And isn’t that what the economy is for?

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Author: adrennan

An artist and writer in Bellingham, Washington.

2 thoughts on “The Free Market God.”

  1. Insightful post, thanks for sharing! I’d certainly agree that the “free market” is a tool made by humans and not an outside entity. Tough to discern when we are using a tool and when that tool is using us.

    I humbly invite you to examine your belief in capitalism. I know it’s a pervasive cultural meme, especially here in America. When I realized that I have no capital, no real capital, I began to question my defense of capitalism. No one that I know personally has any significant capital. How interesting it is that we are taught from a young age to “believe in capitalism”. Almost like getting the peasants to “believe in feudalism”.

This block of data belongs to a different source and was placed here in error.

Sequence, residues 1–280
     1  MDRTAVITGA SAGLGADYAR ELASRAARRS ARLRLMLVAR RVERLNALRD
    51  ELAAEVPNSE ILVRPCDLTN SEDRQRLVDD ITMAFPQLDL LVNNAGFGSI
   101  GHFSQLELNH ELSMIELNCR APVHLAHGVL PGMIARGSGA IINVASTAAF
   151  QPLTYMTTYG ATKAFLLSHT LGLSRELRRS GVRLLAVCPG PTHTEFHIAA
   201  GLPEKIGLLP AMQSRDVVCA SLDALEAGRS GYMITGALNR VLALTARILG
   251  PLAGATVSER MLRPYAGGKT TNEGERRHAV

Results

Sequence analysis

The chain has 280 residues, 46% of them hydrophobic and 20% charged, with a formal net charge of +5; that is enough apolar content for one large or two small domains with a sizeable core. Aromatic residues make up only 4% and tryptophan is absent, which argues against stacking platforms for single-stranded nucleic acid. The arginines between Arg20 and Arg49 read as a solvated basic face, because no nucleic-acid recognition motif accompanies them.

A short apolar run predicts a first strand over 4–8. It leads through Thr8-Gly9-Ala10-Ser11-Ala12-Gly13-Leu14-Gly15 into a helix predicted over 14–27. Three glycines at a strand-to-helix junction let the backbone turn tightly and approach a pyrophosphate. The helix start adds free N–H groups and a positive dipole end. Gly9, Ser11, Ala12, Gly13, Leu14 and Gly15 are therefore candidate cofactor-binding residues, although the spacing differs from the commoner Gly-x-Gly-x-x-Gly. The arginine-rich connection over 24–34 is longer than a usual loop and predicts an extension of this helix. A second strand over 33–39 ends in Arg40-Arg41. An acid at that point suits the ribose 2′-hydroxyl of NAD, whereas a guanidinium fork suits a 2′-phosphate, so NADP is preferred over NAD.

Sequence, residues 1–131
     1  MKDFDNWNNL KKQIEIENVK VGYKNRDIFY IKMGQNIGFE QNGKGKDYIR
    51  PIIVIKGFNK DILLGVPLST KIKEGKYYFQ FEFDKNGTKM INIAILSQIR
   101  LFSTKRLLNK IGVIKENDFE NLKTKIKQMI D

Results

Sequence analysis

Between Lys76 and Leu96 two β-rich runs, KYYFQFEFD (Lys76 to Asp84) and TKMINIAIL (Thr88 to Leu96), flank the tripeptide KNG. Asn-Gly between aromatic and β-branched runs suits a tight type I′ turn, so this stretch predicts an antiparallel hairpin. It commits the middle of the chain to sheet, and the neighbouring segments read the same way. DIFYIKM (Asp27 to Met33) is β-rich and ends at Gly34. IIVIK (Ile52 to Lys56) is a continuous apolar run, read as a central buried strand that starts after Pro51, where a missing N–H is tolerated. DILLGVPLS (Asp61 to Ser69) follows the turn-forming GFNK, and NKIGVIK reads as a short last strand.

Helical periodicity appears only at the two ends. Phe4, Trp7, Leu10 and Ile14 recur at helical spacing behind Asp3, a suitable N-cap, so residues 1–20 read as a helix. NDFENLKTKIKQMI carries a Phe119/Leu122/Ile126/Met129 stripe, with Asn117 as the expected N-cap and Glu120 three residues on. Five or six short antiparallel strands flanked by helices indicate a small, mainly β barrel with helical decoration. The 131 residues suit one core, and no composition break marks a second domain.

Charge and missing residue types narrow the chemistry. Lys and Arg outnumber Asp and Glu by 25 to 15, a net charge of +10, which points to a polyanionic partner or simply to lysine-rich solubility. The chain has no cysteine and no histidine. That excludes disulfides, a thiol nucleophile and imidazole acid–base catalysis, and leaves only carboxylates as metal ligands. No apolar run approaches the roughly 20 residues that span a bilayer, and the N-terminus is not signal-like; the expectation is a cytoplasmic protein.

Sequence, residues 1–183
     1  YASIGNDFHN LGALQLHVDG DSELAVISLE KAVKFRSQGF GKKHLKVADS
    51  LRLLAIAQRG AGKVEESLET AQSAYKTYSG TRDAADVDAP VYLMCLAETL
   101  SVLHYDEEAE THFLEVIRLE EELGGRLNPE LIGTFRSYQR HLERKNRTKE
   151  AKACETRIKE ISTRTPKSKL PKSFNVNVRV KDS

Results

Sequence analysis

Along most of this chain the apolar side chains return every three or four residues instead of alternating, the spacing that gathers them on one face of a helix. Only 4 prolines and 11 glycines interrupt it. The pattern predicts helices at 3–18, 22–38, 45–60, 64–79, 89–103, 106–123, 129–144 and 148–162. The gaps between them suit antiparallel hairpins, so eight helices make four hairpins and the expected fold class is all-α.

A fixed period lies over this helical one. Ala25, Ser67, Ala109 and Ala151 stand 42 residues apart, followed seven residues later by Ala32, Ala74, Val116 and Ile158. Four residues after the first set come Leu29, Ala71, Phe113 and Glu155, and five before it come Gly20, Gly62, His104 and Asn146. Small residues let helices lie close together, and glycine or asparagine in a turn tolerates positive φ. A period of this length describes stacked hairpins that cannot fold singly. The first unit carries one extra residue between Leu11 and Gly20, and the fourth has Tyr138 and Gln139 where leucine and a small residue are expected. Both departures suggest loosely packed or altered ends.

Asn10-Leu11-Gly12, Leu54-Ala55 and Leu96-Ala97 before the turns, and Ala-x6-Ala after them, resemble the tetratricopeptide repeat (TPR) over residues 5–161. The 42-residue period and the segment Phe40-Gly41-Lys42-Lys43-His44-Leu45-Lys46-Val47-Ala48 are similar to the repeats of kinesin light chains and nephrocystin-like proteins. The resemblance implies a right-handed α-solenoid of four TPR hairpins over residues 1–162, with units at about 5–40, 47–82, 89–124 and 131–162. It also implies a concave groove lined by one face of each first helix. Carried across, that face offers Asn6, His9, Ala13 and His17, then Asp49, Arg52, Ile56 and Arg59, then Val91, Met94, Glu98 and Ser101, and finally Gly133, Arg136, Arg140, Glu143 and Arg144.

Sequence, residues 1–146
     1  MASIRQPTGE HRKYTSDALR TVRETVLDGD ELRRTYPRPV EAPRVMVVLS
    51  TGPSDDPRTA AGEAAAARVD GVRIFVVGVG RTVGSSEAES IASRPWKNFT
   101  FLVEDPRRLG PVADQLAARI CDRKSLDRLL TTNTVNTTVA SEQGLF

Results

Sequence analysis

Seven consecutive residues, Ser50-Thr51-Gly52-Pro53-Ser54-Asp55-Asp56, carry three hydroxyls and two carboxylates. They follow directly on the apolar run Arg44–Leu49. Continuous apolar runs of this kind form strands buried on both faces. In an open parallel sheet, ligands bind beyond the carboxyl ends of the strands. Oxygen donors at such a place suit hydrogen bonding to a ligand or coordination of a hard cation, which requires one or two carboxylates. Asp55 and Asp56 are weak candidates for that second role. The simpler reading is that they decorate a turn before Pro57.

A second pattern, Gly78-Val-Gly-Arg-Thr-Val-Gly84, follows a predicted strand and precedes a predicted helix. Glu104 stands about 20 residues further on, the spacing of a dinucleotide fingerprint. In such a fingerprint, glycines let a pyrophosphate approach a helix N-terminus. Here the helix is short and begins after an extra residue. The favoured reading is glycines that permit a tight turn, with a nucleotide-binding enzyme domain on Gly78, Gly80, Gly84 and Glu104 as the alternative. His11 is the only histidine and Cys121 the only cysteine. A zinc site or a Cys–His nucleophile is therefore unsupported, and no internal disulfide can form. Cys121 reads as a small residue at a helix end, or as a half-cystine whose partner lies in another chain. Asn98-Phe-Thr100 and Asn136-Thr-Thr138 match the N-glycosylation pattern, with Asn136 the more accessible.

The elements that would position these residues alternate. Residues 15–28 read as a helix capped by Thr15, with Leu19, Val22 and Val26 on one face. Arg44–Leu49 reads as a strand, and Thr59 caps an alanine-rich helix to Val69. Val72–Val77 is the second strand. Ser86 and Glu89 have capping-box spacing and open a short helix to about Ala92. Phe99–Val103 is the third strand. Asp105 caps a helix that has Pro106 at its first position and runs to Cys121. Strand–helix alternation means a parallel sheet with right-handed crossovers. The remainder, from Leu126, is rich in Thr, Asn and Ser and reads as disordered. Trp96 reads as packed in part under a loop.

I’m not saying that I believe in socialism. Either/or propositions can be deceptive traps. I have a hunch that the “ism” the human world needs has not been invented or manifested yet, but it might be just over the horizon. Hope springs eternal.

    Anyway, just found your blog and I’m enjoying it. Cheers!

    1. I understand your concerns, but I have many friends who oaf their own businesses… The world would be a less wonderful place if they were not able to do so. So yes… I stand by the system that allows people to own their businesses and earn fruits from their own labor. I just think that capitalism needs to be regulated.